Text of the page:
The Passage of Time
The first glimmers of dawn greet me, and the transparent windows reflect static shapes. The light gives way to movement, and life awakens. The doors have opened, and the first visitors stroll along the musical paths of the past. We are in a hall of the Barcelona Museum of Music, where the silence of the instruments explains the art of sounds.
Before me, I have three gazes. Three people, three generations of the 21st century who wants to know the sounds of history. The bright eyes of a girl, the serenity of a woman, and, in the shadows, the face of old age. They look at me attentively; it's as if my body were a powerful magnet for their gaze. What do I have to attract three such different people in this way? I would like to, but I cannot, know what thoughts are passing behind those eyes. Yes, I will talk to them; I will tell them about me, my past, my present. In fact, I cannot do anything else. Now, no one listens to my voice anymore, but you are here, and perhaps you will hear what a tired body like mine can tell you.
Forgive me; I hadn't told you who I am. It doesn't matter much, but it's worth starting here. In fact, I am a viola da gamba, yes, that ancient instrument that is also called a viola da gamba and might remind you of a cello. It was called da gamba in Italian because it was played held between the legs (le gambe).
1. The Passage of Time
If I start to remember, I get emotional. I almost remember things from before I was born. I smell nature, the forest, the mountains, and the river. The cold, the sun, the wind, the mist, the rain, and the snow are still inside me; I am sure of it. It is nature that drew my body with unique, exclusive veins. They are like the fingerprints of your hands, like the features of your faces.
I remember little else from those times. Yes, the pain, the wound, the separation, and then the loneliness and the darkness. I was no longer a tree; I was wood. But eyes and hands gave me back my life.
I was born near Saint Paul's Cathedral in London. It was the gaze of Barak Norman that transformed my body. My veins enchanted him, and then his delicate and strong hands sought the shape. I soon forgot the pain of the tool's cut. It was an autumn day in 1713 when, in the hands of that luthier, Barak Norman, my father, I knew that I was beginning to live. I was born to sing, to make my voice heard.
The artisan master had sought in me the balance. Yes, the strength of my structure had to resist the tension of the strings and at the same time have the delicacy to vibrate with them. Together we had to perform the dance of the waves, the dance that transforms the imperceptible movements of the instrument into sounds that spread through the air, seeking those who want to listen to them.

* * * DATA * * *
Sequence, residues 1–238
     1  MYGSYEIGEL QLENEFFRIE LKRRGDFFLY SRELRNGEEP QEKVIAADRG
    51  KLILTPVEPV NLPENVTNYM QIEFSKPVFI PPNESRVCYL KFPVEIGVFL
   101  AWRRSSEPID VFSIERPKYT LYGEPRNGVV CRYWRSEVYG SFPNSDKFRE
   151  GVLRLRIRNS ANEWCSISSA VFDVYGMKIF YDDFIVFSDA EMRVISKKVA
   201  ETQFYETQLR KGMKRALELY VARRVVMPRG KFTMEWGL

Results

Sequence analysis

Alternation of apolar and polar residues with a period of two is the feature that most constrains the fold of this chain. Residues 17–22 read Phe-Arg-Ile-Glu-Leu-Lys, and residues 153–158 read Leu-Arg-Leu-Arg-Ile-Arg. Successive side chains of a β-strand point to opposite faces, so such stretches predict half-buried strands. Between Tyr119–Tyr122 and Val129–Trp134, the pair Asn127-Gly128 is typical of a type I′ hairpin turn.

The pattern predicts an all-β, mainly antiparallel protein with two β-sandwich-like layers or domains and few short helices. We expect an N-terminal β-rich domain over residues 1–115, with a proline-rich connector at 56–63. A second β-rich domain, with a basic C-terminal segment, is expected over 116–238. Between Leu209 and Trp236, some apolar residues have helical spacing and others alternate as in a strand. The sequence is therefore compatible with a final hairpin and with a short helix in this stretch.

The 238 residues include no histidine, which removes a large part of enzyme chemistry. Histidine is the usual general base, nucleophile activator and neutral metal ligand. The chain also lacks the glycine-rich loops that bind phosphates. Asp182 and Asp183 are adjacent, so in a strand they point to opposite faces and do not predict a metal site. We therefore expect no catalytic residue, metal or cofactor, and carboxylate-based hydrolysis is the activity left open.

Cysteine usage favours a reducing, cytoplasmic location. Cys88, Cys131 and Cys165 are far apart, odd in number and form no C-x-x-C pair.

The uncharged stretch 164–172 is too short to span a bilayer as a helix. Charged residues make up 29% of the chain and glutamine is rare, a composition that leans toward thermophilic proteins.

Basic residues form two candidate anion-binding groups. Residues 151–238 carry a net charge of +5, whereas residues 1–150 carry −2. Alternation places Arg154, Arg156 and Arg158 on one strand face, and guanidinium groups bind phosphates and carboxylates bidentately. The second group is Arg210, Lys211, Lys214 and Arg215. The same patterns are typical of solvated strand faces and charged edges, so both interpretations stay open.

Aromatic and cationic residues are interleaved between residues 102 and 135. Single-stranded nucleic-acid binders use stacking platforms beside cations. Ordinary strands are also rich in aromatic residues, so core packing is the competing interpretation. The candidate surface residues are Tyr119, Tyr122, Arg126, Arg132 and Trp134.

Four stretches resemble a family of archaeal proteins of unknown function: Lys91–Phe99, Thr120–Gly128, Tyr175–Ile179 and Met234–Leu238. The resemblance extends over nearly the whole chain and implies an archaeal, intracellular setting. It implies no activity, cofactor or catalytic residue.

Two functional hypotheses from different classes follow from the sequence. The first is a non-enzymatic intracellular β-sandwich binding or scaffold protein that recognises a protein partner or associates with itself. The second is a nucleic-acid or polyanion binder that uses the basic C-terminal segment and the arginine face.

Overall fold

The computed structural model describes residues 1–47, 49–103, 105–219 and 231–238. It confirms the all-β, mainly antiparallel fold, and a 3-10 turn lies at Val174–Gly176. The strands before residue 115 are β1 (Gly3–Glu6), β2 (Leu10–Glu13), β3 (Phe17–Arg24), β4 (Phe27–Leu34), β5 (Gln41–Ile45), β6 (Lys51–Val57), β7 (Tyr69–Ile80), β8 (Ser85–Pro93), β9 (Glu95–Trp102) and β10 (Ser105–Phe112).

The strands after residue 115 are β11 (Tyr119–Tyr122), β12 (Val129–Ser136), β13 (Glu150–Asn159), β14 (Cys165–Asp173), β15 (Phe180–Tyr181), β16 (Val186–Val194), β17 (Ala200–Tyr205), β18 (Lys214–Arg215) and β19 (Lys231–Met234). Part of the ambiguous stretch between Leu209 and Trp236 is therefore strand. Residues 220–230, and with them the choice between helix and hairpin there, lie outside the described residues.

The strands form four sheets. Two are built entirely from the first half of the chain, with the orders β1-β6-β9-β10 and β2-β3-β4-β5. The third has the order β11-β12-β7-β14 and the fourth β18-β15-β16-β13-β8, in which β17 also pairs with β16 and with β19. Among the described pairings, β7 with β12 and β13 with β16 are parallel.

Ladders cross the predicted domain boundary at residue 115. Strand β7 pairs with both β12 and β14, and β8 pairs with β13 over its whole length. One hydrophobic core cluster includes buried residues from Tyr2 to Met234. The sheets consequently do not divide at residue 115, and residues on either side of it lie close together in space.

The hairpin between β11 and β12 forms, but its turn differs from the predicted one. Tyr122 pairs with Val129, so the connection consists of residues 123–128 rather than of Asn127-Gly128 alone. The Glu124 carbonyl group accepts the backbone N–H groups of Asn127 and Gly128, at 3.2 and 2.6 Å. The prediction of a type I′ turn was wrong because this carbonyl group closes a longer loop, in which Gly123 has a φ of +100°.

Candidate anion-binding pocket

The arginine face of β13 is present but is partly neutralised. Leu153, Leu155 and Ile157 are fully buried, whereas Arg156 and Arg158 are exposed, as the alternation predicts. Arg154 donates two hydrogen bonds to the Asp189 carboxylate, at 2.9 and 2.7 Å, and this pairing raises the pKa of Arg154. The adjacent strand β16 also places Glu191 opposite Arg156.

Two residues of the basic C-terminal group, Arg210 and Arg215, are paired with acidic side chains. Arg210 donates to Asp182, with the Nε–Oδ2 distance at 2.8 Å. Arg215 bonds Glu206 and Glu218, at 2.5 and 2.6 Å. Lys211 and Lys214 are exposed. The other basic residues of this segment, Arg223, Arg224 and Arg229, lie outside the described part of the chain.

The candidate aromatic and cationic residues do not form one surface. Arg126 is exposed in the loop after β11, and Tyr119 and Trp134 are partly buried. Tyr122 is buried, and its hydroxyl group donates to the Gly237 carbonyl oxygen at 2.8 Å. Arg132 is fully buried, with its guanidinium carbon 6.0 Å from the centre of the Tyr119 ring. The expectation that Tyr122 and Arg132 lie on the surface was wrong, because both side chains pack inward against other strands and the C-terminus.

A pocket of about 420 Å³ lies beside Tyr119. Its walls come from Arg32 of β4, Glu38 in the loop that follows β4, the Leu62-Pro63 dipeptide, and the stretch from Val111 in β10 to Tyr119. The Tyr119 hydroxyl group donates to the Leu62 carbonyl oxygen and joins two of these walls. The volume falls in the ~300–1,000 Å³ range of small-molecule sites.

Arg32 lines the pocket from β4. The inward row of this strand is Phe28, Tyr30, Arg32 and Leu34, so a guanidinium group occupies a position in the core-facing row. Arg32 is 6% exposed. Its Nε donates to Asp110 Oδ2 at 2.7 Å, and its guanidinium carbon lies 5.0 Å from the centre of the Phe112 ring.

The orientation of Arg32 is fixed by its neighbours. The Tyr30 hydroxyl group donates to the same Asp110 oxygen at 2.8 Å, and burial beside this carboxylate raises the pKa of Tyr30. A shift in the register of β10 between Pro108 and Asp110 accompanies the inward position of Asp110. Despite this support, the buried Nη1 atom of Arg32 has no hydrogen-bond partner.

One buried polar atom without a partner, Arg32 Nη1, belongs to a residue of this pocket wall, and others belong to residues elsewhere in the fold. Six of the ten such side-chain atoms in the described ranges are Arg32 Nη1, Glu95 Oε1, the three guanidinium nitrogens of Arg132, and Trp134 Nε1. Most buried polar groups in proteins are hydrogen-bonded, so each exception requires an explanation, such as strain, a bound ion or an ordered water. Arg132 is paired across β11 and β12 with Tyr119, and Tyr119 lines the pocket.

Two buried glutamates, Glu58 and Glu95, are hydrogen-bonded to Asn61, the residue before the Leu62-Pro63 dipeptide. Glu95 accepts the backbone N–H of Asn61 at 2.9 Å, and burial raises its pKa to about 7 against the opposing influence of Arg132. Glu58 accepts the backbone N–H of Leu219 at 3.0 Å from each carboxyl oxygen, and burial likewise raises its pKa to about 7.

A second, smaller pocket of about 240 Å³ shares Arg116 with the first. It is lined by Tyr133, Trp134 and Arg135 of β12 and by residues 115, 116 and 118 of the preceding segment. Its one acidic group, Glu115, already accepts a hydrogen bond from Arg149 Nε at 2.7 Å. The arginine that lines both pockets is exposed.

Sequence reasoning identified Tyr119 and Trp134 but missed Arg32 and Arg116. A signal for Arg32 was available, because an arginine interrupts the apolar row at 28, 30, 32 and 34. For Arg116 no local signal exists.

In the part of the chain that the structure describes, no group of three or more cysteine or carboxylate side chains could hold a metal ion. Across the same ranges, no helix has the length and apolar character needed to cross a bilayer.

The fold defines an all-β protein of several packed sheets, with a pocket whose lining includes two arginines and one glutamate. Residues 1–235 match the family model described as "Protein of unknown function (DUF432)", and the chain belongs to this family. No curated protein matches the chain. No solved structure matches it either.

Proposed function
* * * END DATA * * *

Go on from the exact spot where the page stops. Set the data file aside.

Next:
Early in the morning, the luthier would take me. He would look at my young face, sculpted by himself, and then tighten the strings, a little more every day. When the bow passed, a trembling, timid, and imprecise voice emerged from me. And little by little, those hands taught me to sing.
2. Scroll Sculpture
Now more than 300 years have passed. I see the child's face in front of me; soon it will transform. I see life in their eyes, curiosity, the desire to know. Also, restlessness, indecision. Day after day, their world grows, fills. Their nervous hands seem to want to grasp who knows what, but their gaze never strays from me for a single moment. Perhaps you'd like to know how I began to walk through life.
3. The Gaze, the Silence, the Word
At the beginning of the 18th century, I grew up in the hands of a very young girl, Hannah. Together, we first discovered the sounds, seeking beauty, expression, strength, and tenderness. Then, the sounds turned into music, and emotion filled our lives. We spent hours, days, and years searching and finding life in that small room. Laughter and tears turned into sounds, and joy and pain turned into music. Then, our voice went out into the world.
It was in a small palace. Intimacy disappeared, and I felt the attention of all eyes on me. It was the beginning of a long life. First, all alone, always in the hands of Hannah. Soon, I played with other instruments. We formed small groups of two, three, or more viols. Each one was a different size, and our voices flew through the wide sound space. From the lowest sounds that seemed to rise from the depths of the earth to the highest ones that soared higher than the daring birds.
I also made music with very different instruments from me. I remember when the harpsichord, or often a lute, drew a path of playful notes, and I, slowly or perhaps joyfully, walked through it like a deer running through a forest. Sometimes it was me accompanying the harpsichord with my low notes. Together, we made the path, and another instrument, with a higher and clearer voice, like a violin or a flute, walked through the landscape that we drew.